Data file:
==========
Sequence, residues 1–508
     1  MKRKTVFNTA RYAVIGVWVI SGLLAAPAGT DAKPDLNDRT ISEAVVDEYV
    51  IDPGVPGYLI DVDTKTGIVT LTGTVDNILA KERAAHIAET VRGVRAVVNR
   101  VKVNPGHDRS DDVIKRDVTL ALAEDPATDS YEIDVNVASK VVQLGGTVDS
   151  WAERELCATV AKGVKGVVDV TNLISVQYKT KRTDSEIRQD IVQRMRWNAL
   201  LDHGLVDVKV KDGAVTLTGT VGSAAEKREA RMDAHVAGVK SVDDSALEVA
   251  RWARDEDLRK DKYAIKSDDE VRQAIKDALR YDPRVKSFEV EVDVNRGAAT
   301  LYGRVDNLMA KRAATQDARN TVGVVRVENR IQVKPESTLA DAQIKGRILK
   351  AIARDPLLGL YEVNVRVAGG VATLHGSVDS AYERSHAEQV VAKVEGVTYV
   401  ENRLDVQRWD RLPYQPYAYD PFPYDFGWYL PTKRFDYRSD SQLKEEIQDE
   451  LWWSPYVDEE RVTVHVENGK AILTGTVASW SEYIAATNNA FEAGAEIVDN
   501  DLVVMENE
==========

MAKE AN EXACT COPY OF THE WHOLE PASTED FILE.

Sequence, residues 1–508
     1  MKRKTVFNTA RYAVIGVWVI SGLLAAPAGT DAKPDLNDRT ISEAVVDEYV
    51  IDPGVPGYLI DVDTKTGIVT LTGTVDNILA KERAAHIAET VRGVRAVVNR
   101  VKVNPGHDRS DDVIKRDVTL ALAEDPATDS YEIDVNVASK VVQLGGTVDS
   151  WAERELCATV AKGVKGVVDV TNLISVQYKT KRTDSEIRQD IVQRMRWNAL
   201  LDHGLVDVKV KDGAVTLTGT VGSAAEKREA RMDAHVAGVK SVDDSALEVA
   251  RWARDEDLRK DKYAIKSDDE VRQAIKDALR YDPRVKSFEV EVDVNRGAAT
   301  LYGRVDNLMA KRAATQDARN TVGVVRVENR IQVKPESTLA DAQIKGRILK
   351  AIARDPLLGL YEVNVRVAGG VATLHGSVDS AYERSHAEQV VAKVEGVTYV
   401  ENRLDVQRWD RLPYQPYAYD PFPYDFGWYL PTKRFDYRSD SQLKEEIQDE
   451  LWWSPYVDEE RVTVHVENGK AILTGTVASW SEYIAATNNA FEAGAEIVDN
   501  DLVVMENE